16th October 2015, Volume 128 Number 1423

Stefanie Vandevijvere, Boyd Swinburn

A letter to the NZMJ by the chief executive of the New Zealand Food & Grocery Council1 states that our article2 on protecting New Zealand children against unhealthy food marketing creates the false impression that self-regulation has failed in New Zealand. It also mentions that our article on this issue is outdated.

First, what does “success of self-regulation” actually mean? From a public health perspective it does not mean compliance with a voluntary code that is very nonspecific (eg, in terms of the exact foods that cannot be marketed to children), compliance with a code not independently assessed, or the lack of complaints made by the public. Instead, “success of self-regulation” should mean that exposure of children, defined as individuals aged 18 years or younger, to the marketing of unhealthy foods, as determined by independent criteria, through all media, decreases significantly over time. A recent systematic review of the literature has shown that self-regulation by industry has not worked anywhere to reduce exposure of children to unhealthy food marketing.3 This concern is also clearly highlighted in the draft final report of the World Health Organization Commission on Ending Childhood Obesity published last week.4 While we acknowledge that we do not have a complete picture at the moment to comprehensively assess food marketing through all media over time in New Zealand, the peer reviewed studies in our article,2 whether recent or older, all show that food advertisements are predominantly for unhealthy foods, and that the extent of unhealthy food marketing to children through TV has not decreased over time (1999–2009).5-7 In addition, while the existing voluntary code covers the time slots 0600–0950 and 1400–1700, recent audience measurement data obtained from Nielsen (2015) show that the percentage of 5–13 year olds watching the major free-to-air channels (TV1, 2 and 3) is higher during the time slots not covered by industry self-regulation.

In our view, one of the many responses required is to revise the current voluntary code to incorporate clear criteria on the exact foods that cannot be marketed to children at any time through any medium. The nutrient profile model recently developed by the World Health Organization to restrict unhealthy food marketing to children in the European region is an excellent practical guidance for this.8 While the author criticising our article1 correctly points out that 67% of the most prominent packaged and soft drink companies in New Zealand do have a policy to restrict food marketing to children on their websites, 0% of those currently use independent nutrient profiling criteria. In addition, only 20% of fast food companies have such a policy mentioned on their website.9 Consequently, transparency, specificity, comprehensiveness and strength of policies to restrict junk food marketing to children by New Zealand companies could be substantially improved.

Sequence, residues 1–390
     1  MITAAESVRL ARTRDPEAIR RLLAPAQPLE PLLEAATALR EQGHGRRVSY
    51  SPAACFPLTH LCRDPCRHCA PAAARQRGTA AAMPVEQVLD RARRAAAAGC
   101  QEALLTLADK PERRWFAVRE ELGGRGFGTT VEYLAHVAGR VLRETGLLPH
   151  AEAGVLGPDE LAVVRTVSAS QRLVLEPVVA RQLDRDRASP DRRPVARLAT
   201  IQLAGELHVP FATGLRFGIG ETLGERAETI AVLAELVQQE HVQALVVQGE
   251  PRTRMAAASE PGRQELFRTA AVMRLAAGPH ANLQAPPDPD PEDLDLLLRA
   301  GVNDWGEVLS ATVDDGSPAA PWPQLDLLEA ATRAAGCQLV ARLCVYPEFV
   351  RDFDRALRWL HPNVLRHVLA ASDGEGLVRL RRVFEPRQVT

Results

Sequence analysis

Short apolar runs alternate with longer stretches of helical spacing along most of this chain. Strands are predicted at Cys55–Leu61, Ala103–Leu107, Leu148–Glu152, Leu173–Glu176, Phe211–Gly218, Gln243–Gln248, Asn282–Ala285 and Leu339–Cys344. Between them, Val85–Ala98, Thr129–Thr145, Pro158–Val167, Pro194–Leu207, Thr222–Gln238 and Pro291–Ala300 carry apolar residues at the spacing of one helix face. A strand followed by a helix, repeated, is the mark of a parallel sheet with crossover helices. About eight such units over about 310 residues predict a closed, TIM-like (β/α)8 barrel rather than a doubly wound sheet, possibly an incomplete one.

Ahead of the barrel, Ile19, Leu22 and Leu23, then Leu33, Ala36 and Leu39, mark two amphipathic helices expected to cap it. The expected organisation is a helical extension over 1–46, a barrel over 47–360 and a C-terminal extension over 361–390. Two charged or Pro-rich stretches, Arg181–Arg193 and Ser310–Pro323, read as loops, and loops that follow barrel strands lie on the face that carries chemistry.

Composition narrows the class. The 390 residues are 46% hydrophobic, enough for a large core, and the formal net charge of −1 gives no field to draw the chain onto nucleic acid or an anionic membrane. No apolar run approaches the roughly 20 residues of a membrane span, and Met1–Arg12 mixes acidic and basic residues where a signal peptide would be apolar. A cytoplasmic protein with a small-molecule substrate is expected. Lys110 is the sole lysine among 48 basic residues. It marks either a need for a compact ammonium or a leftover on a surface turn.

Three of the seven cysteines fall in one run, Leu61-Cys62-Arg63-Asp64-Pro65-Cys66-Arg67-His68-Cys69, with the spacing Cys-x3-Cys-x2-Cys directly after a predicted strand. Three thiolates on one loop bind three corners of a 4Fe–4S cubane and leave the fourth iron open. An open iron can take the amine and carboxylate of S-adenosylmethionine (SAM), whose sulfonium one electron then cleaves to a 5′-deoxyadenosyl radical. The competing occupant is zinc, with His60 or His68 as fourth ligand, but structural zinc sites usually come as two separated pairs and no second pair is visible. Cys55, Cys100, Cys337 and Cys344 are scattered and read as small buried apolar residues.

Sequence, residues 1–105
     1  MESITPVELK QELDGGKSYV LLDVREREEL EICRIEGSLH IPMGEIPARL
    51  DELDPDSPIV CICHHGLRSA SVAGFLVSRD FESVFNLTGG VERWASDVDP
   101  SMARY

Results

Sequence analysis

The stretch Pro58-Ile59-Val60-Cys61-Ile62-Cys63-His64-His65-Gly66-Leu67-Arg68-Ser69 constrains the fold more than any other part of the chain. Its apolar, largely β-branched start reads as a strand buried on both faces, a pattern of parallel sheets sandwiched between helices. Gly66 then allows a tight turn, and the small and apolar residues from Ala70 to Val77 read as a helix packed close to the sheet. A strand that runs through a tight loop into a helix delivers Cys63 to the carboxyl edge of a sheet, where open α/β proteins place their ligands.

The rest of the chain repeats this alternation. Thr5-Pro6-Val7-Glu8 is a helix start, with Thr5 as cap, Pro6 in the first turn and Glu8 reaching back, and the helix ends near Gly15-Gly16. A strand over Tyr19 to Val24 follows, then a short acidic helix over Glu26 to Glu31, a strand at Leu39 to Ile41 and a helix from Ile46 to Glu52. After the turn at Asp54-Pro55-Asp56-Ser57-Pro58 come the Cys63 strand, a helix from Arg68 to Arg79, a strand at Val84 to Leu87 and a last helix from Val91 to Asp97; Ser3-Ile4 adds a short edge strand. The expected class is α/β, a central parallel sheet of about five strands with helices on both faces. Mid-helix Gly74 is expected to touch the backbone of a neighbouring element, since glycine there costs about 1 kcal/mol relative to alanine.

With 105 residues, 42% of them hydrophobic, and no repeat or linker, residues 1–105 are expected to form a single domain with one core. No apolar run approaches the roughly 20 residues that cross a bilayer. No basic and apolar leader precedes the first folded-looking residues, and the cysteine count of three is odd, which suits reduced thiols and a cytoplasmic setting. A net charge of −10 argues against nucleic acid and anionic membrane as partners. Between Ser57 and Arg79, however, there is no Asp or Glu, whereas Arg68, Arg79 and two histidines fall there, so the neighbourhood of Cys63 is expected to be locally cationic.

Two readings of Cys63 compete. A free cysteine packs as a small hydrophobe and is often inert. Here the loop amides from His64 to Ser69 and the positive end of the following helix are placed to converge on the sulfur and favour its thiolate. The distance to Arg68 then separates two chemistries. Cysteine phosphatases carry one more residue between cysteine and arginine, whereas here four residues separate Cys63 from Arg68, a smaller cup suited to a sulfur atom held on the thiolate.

There is high-level agreement at the international level4,10 and consensus among national public health experts11,12 that comprehensive regulations to restrict junk food marketing to children are a top priority to reduce childhood obesity. In addition, 73% of the New Zealand public is supportive of tougher restrictions to reduce junk food marketing to kids.13 However, in order to move beyond the current inertia due to the ongoing divide between advocates for industry self-regulation and those advocating for comprehensive government regulations to restrict unhealthy food marketing to children, let’s start exploring the feasibility and effectiveness of a quasi-regulatory approach, as proposed and explained in our viewpoint.2 For such an approach to have a chance to work, the Government should set clear parameters, and enforcement and monitoring mechanisms. This will also be an excellent opportunity for the New Zealand Food & Grocery Council and affiliated companies to clearly demonstrate their commitments to protecting children against unhealthy food marketing in New Zealand.